A selection of offerings from For All Things Good, which opened this summer in Bed-Stuy. Photo: Christian Rodriguez

Last year, while the world baked sourdough, Matt Diaz was at home perfecting his tortilla recipe. He began with a rotating roster of ten to 12 varietals of heirloom corn, imported directly from Mexico, which he nixtamalized by soaking the corn in a calcium-alkaline solution for a couple of hours. Then, he’d let the nixtamalized corn rest for another ten hours before hand-milling it through a volcanic-stone molino. The soft, slightly damp masa was finally ready to be pressed into vibrantly colored tortillas reflecting the hues of the original corn: smokey chocolate, cerulean blue, burnt red, deep purple, and sunflower yellow.

It’s a labor-intensive process, but when the pandemic arrived in New York, Diaz had the time. In February of last year, he and his business partner, Carlos Macías, had begun work on a new café on the corner of Franklin Avenue and Greene Avenue in Bed-Stuy. They called it For All Things Good, a translation of “para todo bien,” a common phrase in the mezcal bars the friends had grown to love while traveling in Mexico. But then COVID ground their plans to a halt, giving Diaz extra time to geek out on masa.

Matt Diaz and Carlos Macías. Photo: Christian Rodriguez

Finally in July, he and Macías were able to open, and share their obsession with their neighbors. Masa makes up the foundation of the menu at For All Things Good, which is prepared by chef Milton Revilla in the café’s open kitchen, and is devoted to Mexican street foods. Diaz says he wants customers to realize more can be done with masa than shape it into simple flat circles. “We wanted to expand people’s understanding of Mexican food, specifically in relation to masa,” Diaz explains. “It forces people to learn and not lean on what they already know.”

So, you’ll find a variety of stuffed masa snacks like tetelas (triangular hot pockets of masa filled with hibiscus flowers and salsa chipotle), memelas (small masa pies with fluted edges topped with mole de cafe and queso fresco), tlayuditas (crisp tortillas piled with hen of the woods mushrooms, Oaxaca cheese, black beans, and salsa macha), tlacoyos (oval masa patties filled with spicy refried pinto beans and salsa macha), and gorditas (similar to tlacoyos, but split in half and stuffed with eggs and queso fresco).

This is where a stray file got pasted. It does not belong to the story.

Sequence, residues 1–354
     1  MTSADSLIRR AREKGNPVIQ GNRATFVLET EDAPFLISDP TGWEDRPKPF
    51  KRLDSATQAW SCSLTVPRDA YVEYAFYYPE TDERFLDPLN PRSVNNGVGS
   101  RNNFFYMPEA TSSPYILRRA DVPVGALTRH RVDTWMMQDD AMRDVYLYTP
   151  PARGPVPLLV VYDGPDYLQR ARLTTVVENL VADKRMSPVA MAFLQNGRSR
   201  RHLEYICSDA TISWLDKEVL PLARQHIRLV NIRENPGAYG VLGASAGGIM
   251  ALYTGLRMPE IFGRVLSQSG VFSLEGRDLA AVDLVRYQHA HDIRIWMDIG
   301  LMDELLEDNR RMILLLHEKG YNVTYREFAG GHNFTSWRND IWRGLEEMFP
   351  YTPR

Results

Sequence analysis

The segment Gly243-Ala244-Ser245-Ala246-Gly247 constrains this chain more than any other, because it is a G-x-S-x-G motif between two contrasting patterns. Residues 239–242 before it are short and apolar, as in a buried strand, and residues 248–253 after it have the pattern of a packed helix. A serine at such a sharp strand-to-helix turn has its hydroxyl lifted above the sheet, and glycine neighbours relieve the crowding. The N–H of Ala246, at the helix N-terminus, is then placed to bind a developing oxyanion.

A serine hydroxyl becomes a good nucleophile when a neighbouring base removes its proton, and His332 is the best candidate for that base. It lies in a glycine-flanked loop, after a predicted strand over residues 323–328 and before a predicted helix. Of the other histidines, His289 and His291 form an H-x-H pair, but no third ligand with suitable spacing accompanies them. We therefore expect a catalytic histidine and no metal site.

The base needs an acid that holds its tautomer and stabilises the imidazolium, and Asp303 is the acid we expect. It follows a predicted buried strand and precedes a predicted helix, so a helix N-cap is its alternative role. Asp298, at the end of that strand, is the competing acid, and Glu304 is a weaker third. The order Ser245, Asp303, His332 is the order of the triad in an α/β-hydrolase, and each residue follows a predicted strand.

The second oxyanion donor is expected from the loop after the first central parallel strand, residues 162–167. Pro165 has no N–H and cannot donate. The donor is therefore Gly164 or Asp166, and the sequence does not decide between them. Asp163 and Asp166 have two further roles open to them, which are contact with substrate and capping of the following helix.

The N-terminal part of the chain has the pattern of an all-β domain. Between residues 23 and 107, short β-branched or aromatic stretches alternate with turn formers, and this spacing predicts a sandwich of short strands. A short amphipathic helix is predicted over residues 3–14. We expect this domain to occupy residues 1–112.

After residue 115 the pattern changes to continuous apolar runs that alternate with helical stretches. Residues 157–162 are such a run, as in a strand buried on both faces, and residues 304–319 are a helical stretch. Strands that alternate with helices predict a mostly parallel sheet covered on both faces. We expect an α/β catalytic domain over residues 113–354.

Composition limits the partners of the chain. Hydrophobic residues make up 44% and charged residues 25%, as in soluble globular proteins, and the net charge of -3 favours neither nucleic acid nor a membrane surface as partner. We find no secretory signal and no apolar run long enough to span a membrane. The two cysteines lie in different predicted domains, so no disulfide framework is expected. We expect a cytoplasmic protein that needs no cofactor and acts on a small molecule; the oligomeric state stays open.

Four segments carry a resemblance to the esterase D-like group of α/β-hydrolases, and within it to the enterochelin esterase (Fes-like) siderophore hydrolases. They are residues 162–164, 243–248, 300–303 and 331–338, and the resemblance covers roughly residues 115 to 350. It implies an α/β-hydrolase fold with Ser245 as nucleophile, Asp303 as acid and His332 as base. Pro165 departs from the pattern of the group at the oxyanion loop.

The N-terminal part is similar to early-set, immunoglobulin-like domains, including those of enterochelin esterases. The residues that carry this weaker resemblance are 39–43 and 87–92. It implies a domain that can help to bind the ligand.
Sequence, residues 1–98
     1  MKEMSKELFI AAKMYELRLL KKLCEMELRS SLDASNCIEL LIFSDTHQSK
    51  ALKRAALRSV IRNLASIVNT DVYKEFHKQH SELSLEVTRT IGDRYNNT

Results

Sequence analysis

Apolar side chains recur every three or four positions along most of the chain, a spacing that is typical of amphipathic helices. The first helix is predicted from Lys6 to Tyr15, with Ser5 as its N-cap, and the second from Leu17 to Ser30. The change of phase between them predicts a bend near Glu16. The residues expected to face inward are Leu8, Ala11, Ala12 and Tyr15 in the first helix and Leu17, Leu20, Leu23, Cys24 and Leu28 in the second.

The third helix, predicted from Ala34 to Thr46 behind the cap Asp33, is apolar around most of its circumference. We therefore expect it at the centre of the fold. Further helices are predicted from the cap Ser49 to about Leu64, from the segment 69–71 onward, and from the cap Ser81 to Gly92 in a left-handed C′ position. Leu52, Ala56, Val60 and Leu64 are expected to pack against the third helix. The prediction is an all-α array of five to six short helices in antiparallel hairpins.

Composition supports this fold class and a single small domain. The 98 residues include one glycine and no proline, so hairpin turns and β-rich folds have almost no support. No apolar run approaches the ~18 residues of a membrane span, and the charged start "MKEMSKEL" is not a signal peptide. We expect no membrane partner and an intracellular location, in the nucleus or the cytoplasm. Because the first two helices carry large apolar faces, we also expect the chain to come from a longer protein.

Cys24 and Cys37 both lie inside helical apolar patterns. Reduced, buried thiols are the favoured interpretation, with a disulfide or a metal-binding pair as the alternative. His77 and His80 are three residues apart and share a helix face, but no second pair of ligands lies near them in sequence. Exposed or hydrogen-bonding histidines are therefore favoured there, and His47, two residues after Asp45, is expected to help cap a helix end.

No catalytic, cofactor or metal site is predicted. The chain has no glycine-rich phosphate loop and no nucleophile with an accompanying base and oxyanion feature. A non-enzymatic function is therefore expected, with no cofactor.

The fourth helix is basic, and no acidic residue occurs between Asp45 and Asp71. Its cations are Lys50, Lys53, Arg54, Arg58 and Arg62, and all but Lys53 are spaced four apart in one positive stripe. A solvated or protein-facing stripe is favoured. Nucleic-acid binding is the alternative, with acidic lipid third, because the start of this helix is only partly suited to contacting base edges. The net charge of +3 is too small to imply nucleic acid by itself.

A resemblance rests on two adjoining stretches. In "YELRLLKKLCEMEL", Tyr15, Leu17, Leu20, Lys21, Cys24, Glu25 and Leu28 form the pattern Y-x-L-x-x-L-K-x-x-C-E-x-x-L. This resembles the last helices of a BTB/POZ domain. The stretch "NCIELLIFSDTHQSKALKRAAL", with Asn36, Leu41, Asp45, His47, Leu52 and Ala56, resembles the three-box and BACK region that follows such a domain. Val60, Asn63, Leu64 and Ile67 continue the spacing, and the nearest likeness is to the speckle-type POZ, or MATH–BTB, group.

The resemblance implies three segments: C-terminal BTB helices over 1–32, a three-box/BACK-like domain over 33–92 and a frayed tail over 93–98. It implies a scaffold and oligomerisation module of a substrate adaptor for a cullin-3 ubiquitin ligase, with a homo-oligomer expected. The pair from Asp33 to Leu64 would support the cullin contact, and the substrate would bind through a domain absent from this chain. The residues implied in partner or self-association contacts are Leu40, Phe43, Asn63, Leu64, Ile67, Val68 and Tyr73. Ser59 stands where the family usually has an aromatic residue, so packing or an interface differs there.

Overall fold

Tetelas. Photo: Christian Rodriguez

The cafe has become a popular brunch destination. Christian Rodriguez.

The cafe has become a popular brunch destination. Christian Rodriguez.

Their menu is also unique in that it honors the concept of “milpa” agriculture, a traditional crop system that keeps soil fresh by focusing and rotating corn, chiles, beans, avocados, and squash. This means that their menu is inherently vegetarian, except for limited meat options during pop-up taco nights.

The guys also run a little in-house pantry where they sell their homemade salsas, Mexican coffee, chocolate, honey, fresh tortillas, and packages of their hand-milled masa by the pound. While the fresh masa program started off slow, it quickly found fans. “It was not a best seller at first,” Macías admits, “but once our neighbors tasted the food, that all changed.” Now, the café goes through about 280 pounds of corn a week and sells out of its retail masa each day.

A memela with blue masa. Photo: Christian Rodriguez

Sean O’Tyson was working around the corner when he discovered For All Things Good this past summer. “I just came in for coffee, and then I saw this beautiful blue-corn quesadilla folded over stuffed with squash blossom and I thought, Wow,” he recalls. “I had not seen a quesadilla like that since I was in Xochimilco in Mexico City.”

This is the kind of reaction Diaz had hoped his customers might have. “The more I learned about heirloom corn, the more I wanted to share that story,” he says. “It has so much biodiversity, and it has this amazing history on the anthropological side. It is one of the oldest cultivated crops in the world and yet in our society it has been demonized and has no real value.” (Only one percent of the corn grown in the U.S. is meant for human consumption, the other 99 percent is grown for animal feed and ethanol.)

Kernels of heirloom and the volcanic stone that grinds them into masa. Photo: Christian Rodriguez

Diaz wants to change people’s perceptions, but didn’t grow up planning to be a masa evangelist. He studied anthropology at Hunter College before moving to Buenos Aires to learn winemaking. There he met Macías, who was studying architecture. The two became fast friends, sharing a love of Latin American food and culture. Diaz often visited Macías in his native Mexico City and would spend weeks eating his way around the country. “I fell in love with the huge variety of food that exists in Mexico and seeing it just totally unadulterated,” he says.

Diaz has been encouraged by the enthusiastic response of his community, too. In addition to his new regulars, like O’Tyson, he also regularly chats with a group of molinos — masa millers — who have sprung up around the country in recent years, from places like Nevada and Nashville. “It’s nothing formal, we just chat and lend each other support,” Diaz says. “But it’s nice to know there are others out there.”